From Guns to Butter
    Category: Issues & Ideas By : Renjani Puspo Sari Read : 1690 Date : Thursday, September 05, 2013 - 07:08:17

    Ahmad Zamroni / Forbes Indonesia

    Noor Huda Ismail was once a hardline Islamist, studying at an Islamic boarding school with a dream of fighting in Afghanistan. Today he runs a successful deradicalization project for militants, that helps them to reintegrate back into society, as well as being an active commentator and consultant on anti-terrorism issues. Due to do his current work, he lives with death threats and hostility.

    He has joked that he was not allowed to go to Afghanistan because he had a crush on the daughter of one of his teachers. Instead he continued his education, getting a degree in communications from Gadjah Mada University and studying Arabic literature at Sunan Kalijaga State Islamic University. His hardline views changed after he got a job in 2002 as a special correspondent for the U.S. newspaper Washington Post's Southeast Asia bureau. He was shocked to discover a former classmate from his boarding school had been involved in the Bali bombings.

    His view on extremism were further refined after he went in 2005 to Scotland's St. Andrews University on a scholarship to study international security. While there, he learned about special programs to help former combatants from the Irish Republic Army and Basque separatists reintegrate into society. He was inspired to do a similar program back in Indonesia. “I saw how effective they were and I thought I could do the same in Indonesia,” he says.

    After working for a while in Singapore at Nanyang Technological University after graduating, he founded his Yayasan Prasasti Perdamaian or Institute for the International Peace Building in 2008. The foundation's approach is simple. It gives former extremists some real-life skills by working in restaurants or bakeries as cooks, waiters and accountants. The foundation has two Dapoer Bistik restaurants, one in Solo and the other in Semarang, and two bakeries, also in Solo and Semarang. The restaurants are actually a big success, usually crowded with diners enjoying its signature steak cooked with a sweet and spicy sauce. About a dozen former combatants are working in the four places.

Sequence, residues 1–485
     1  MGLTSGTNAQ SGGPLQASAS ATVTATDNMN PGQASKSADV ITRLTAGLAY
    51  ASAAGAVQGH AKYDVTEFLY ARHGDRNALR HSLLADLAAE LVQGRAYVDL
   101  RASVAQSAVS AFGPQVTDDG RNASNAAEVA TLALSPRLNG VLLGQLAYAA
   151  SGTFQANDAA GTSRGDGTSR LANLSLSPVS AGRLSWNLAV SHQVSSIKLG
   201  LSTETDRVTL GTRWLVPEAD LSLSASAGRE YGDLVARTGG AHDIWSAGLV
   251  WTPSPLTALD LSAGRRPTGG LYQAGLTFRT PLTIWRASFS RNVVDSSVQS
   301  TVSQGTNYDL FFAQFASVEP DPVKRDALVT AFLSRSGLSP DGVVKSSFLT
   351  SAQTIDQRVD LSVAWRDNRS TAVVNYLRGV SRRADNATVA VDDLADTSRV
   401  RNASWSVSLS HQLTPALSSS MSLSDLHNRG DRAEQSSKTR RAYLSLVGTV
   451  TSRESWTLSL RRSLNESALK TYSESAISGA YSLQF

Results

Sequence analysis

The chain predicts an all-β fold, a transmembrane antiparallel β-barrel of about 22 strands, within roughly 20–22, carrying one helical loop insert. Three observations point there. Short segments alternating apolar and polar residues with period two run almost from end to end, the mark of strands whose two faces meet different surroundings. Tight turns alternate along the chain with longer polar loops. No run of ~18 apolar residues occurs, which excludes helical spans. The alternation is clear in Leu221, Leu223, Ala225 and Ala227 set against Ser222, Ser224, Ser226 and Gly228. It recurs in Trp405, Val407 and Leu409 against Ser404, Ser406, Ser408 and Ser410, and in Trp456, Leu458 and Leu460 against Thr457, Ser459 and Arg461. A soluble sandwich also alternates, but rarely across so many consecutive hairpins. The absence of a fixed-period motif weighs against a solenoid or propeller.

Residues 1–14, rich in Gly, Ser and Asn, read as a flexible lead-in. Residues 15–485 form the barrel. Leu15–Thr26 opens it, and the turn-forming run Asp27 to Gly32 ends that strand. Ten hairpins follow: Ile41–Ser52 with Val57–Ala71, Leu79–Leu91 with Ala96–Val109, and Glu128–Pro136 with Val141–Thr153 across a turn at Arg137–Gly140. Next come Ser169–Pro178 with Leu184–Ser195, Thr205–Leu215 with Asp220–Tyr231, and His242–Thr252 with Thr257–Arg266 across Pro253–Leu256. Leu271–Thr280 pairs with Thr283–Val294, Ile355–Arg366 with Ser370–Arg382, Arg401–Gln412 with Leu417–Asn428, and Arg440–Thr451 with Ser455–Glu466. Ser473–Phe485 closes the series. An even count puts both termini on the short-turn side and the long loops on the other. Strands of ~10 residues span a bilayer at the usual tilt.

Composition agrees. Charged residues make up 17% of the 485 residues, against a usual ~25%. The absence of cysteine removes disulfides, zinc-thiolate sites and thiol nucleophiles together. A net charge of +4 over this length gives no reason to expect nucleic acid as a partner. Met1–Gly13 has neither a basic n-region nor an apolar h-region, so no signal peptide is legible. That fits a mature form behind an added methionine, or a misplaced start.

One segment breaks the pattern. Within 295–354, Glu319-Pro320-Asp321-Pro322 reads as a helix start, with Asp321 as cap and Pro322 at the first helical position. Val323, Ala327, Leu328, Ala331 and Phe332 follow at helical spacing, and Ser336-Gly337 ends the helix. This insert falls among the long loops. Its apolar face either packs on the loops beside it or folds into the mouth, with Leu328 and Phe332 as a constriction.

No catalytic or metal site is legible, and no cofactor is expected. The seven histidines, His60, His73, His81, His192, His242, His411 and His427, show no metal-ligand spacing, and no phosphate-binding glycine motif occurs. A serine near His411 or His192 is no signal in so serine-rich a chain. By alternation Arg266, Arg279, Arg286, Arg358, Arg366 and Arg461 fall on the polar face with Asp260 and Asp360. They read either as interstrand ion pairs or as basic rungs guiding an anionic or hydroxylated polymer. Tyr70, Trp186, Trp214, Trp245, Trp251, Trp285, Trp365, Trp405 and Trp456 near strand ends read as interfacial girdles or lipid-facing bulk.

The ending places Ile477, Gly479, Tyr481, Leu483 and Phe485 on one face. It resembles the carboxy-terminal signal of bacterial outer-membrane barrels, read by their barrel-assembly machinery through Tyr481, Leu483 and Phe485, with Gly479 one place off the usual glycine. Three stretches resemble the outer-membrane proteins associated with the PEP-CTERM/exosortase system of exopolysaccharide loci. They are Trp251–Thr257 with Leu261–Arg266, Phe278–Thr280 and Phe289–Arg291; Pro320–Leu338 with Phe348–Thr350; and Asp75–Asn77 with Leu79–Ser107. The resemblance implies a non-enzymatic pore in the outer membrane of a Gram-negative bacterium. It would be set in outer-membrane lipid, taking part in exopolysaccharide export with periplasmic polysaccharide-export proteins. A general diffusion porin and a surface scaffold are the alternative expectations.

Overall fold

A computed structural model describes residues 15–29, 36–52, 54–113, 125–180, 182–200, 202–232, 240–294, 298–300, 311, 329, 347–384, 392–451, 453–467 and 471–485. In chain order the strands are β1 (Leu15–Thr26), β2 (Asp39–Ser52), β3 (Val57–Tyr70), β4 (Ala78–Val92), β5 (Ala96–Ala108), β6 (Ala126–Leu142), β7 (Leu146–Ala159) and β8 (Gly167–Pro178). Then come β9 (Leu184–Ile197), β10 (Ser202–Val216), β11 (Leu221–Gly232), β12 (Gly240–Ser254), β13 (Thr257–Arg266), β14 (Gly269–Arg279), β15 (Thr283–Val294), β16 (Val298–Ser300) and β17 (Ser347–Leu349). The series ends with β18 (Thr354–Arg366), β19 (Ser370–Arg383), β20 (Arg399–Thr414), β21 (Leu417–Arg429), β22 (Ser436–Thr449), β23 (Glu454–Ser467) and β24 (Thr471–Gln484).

By offering them a job, Huda hopes to help his staff return to regular society. Why restaurants? It's an easy transition, he jokes: “If their weapons before were an AK-47 or bombs, now they are a pan and spoon.” More seriously, Huda explains that working in a restaurant means the staff has to learn to provide a service, by interacting with dozens of people on a daily basis, and being willing to serve anyone who comes into the restaurant—whatever their race or religion. “The act of serving customers changes their attitude,” says Huda. To operate the restaurants and bakeries, and help fund the foundation, he set up a regular company, called PT Mawadah, also in 2008.

    Huda decided to base himself in Solo as this city is often seen as a hotbed of extremism. Huda's former school, Pondok Pesantren Ngruki, was actually started by Abu Bakar Bashir, the spiritual leader of the radical group Jemaah Islamiyah that has been linked to the Bali bombings and other terrorist acts.